The tests will notably include clever coupling between the different physical and electrochemical characterization methods possible ex-situ, operando or post-mortem. Among them, magneto-tomography, a technique based on measuring the magnetic field generated by the current passing through the stack, will continue to be developed. These measurements will make it possible to quantify the 3D effect of defects during operation. Finally, the post-doctoral fellow will use existing modeling tools to improve the prediction of the lifespan of PEMFCs related to the initial local properties of MEA.
All these experimental and simulation works will make it possible to correlate local operational heterogeneities and the degradation mechanisms associated with the defects depending on their nature or their positioning in the cell. Consequently, this study will provide some key-recommendations for the type and size of defects acceptable within MEA in relation with the operating and lifespan specifications of the PEMFC system.

Post doctoral position in solid state electrochemistry / ceramic materials / NH3 synthesis by electroreduction

Research into the electrochemical synthesis of NH3 focuses mainly on electrolysis cell configurations and materials, catalyst development, strategies for improving the selectivity of the N2 reduction reaction compared with that of water, and verification of the synthesis results. The post-doctorate proposed here will focus on high temperature (400-650°C) proton (H+) and anion (O2-) electrolysis processes offering the possibility of using H2O(g) and/or H2 to reduce N2.
The objectives of these studies will be as follows:
-identifying anionic O2- (SOEC for Solid Oxide Electrolysis Cell) and protonic H+ (PCEC for Proton Ceramic Electrolysis Cell) electrolysis cell materials suitable for NH3 synthesis,
-optimisation or development of these cells,
-their development,
-quantification of the ammonia produced for each cell tested,
-identification of the first-order parameters needed to maximise NH3 production kinetics,
-drawing up a preliminary energy balance for comparison with the conventional Green Habor Bosch process.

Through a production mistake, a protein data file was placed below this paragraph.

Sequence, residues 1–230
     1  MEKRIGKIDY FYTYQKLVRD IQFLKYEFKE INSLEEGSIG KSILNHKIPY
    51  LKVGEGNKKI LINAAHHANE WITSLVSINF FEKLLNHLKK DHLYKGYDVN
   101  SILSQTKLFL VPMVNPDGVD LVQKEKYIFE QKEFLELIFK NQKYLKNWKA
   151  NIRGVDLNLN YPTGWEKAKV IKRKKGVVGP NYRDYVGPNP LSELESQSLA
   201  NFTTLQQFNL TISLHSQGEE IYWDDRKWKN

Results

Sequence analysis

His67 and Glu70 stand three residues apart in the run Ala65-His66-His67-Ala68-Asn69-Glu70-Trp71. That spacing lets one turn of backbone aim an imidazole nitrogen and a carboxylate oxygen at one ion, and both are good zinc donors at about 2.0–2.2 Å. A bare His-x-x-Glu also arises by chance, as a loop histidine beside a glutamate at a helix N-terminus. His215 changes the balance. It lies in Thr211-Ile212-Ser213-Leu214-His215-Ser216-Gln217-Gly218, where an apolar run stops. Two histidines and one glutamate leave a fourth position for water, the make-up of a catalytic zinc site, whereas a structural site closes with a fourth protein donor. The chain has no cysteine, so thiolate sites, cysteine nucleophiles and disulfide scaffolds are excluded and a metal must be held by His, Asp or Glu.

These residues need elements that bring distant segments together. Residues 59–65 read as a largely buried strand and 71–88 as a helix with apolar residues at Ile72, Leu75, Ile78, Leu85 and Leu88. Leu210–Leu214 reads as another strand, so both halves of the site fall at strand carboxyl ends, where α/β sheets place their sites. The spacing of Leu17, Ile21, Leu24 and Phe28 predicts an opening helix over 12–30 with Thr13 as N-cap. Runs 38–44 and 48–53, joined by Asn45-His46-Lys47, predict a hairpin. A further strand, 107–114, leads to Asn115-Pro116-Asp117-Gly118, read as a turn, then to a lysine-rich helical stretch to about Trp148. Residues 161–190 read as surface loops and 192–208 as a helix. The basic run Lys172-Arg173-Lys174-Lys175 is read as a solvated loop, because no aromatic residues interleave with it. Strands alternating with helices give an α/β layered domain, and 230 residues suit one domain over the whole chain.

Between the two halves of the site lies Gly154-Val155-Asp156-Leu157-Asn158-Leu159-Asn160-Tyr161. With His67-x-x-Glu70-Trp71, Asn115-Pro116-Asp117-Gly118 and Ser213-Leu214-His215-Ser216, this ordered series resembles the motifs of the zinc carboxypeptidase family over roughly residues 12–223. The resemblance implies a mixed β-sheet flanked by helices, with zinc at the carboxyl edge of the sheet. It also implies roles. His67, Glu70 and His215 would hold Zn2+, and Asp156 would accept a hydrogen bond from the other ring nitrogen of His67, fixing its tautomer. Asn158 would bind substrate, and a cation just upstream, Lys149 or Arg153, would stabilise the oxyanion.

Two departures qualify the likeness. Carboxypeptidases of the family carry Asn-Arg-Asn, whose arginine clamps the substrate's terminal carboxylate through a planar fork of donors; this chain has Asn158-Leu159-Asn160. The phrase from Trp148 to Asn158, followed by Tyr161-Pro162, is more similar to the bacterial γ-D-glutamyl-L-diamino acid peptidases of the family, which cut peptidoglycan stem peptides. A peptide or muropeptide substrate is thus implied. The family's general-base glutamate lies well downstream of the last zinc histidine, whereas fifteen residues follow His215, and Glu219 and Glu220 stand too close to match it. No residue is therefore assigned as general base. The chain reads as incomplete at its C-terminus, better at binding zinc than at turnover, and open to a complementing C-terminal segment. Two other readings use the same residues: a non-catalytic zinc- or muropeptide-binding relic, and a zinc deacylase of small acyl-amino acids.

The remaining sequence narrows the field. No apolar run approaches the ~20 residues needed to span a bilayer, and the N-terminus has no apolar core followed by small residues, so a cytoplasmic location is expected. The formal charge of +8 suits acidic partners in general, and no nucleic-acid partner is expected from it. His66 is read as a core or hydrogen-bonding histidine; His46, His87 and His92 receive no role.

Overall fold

Composition of shape memory alloys (SMA) by combinatorial synthesis and additive manufacturing

As part of the PEPR DIADEM program , the ARTEMIS consortium is focusing on 4D leveraging on accelerated discovery methods and the development of intelligent materials and active structures using 3D printing. The shaping of active materials using additive manufacturing to design intelligent structures capable of changing shape or properties in response to an energy stimulus is a game changer in the field of sensors and actuators. In this context, the MAPP technological platform at CEA Tech Metz is proposing to implement a low-pressure Cold Spray process equipped with multiple powder dispensers. Combinatorial deposition will enable rapid screening of shape memory alloy (SMA) compositions in response to various stimuli. Post-processing optimization should enable the alloy to be converted from the combinatorial deposition state. Comprehensive characterization of the materials is expected at each stage of the process. The collection of a large amount of data (experimental, theoretical or resulting from numerical simulation), together with the implementation of a rigorous methodology, will feed an Artificial Intelligence, ExpressIF®, which will provide an explanatory decision-making aid.

Innovative biobased vitrimer electrolytes for self-healable and recyclable Li metal batteries

This post-doctoral position is part of the « ELECTRIMER » project, which aims to reduce the environmental impact and to improve the safety of the future Li-metal batteries. In this contexte, the recruited researcher will develop a new self-healable and extrudable Gel Polymer Electrolyte (GPE). Biobased monomers of generations 2 and 3 (not in competition with the food industry) will be used to synthesize a new polymer, that will be swollen with green and safe solvents. A vitrimer chemistry will be integrated in the polymer structure, in order to improve the batterie durability, by introducing self-healing properties to the GPE. The reversible chemistru will also allow to improve the batterie recyclability.